Tron Legacy Needs A Script Upgrade

Just some thoughts after seeing Disney's sequel to the cult hit, Tron:

There's little other than fanservice for those who liked the original to grab hold of here. Even recognizing that the original film was not without its flaws (quite a few clunker lines and some questionable performances) it did have a straightforward and comprehensible plot in which two understandable conflicts are introduced and resolved, and characters whose motivations you could understand and identify with.

Kevin the Younger

Encom has a problem. Its top leadership is turning the company's computer system into a totalitarian state, restricting access by users and getting in the way of them doing their jobs. It's inconveniencing the company's founder, now working on a cool laser that "digitizes" objects, and is motivating programmer Alan to make an independent security program he calls Tron, as a counter to the system's megalomaniacal new Master Control Program.

A little later on we find that Kevin Flynn also has problems. He used to work at Encom, but now operates a seedy arcade. His beef? The executive who is putting the screws to Encom's computer systems with his MCP got his job by stealing credit for video game programs Flynn wrote. Flynn wants to prove this to redeem himself, and to do that, he needs to hack into Encom's computers.

Shamus Buys Used Games

Shamus Young over at The Escapist (of Shamus Plays LOTRO and now Shamus Plays Champions Online fame) has weighed in on the THQ-Penny Arcade-The Internet discussion on used games.

He agrees that buying used is "not cheating" (thanks Shamus for joining Tycho in begrudging us our legal rights, we appreciate it) but still has a few bones to pick. Personally I think many of those who spend a lot of time writing about games on the Internet, and consequently end up spending plenty of time interacting with game developers, are speaking more from a sense of sympathy with individuals and studios crying out they are in financial dire straits than any well-reasoned position on the matter... but I digress.

I think this situation is shaped by three simple facts:

  • Developers and publishers want to earn a living.
  • Gamers, like any consumers, want the most value for their dollar.
  • GameStop has taken advantage of the fact that used games are - in a gameplay sense - indistinguishable from new copies.

Ledesma is talking about a real problem. An unknown (but obviously large) portion of the money being spent on games is ending up in the hands of retailers instead of going to where it can fund more games. But the language he's used to describe the problem is really unfortunate.

A few points in response:

"Unfortunate" is an understatement. There's a word for what the concept of "cheating" implies within a commercial transaction, and it's "theft" (not to be confused with "piracy" which is something else again). So, yes, I suppose it is "unfortunate" that in defense of revenue that Ledesma's company is in no way entitled to, he felt it necessary to accuse used game buyers of theft.

Exploring the Moral Dimensions of Used Games

Tycho responded to some of the ideas in my post yesterday (I'm sure he received the same ideas from many, many different writers) in his newspost today. It reads in part:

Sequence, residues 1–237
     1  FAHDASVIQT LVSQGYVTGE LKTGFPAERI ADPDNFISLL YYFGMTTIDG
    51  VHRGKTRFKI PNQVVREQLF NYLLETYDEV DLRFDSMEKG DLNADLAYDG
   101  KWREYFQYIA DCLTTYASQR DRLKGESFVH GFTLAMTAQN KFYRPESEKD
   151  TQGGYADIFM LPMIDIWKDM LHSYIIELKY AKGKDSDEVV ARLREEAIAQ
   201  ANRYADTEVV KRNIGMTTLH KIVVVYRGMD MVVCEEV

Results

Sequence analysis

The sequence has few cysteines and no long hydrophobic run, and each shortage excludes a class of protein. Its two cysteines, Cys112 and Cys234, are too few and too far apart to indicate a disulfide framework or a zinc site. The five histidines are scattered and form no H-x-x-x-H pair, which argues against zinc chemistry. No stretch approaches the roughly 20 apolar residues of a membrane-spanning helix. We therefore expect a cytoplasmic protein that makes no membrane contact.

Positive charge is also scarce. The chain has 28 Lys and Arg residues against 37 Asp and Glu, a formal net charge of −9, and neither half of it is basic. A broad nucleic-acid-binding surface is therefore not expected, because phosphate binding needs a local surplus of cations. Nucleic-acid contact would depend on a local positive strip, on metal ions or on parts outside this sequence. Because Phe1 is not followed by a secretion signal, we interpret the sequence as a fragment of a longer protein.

People who buy used games are not pirates, by definition. Used games (used everything, really) are and will continue to be a legal and protected form of commerce. Other industries have done what they can to co-opt, destroy, or harvest those markets, but their existence is settled law. What I have said is that the end result of that purchase from a developer perspective must be indistinguishable. Isn't it? That is the question I couldn't answer. I still can't answer it. And because I couldn't, I had to change the way I invested my leisure dollar.

So the first question is, should the end result of a used purchase be the same as a new purchase, from the perspective of a developer?

My answer, you might be surprised to hear, is yes-- but this is already true.

Gamers, Developers Respond To PA On Used Games

Gabe and Tycho over at Penny Arcade have gotten a lot of responses to their post yesterday about the used game market.

Here were portions of responses they got, along with my responses to their responses:

What other customers expect a used product be be identical to a new product? Buying a used car comes with increased wear (and thus decreased function)

I actually don't object to initiatives like "Project Ten Dollar" that use DLC bundled only with new purchases to initiate a relationship with used game buyers. It's voluntary. They're not entitled to that income, but if the end user wants the content they can get it-- like any DLC. This, I think, is the appropriate way to approach a difficult problem.

However, the issue of product degradation is bogus.

Used Game Buyers Are Customers, Not Cheats Or Thieves

I'm a big fan and longtime reader of webcomic Penny Arcade, and more times than not I find myself in agreement with Tycho's rants, which I enjoy just as much as the comic itself (if not more).

However I do find myself on the opposite side of the issue of used games, which is odd since by and large I don't buy used games. Out of all the Xbox and Xbox 360 titles I own (I'm not a PC gamer anymore, and I don't own another console) I think perhaps two or three titles I bought used out of a collection that spans some 100 games or so.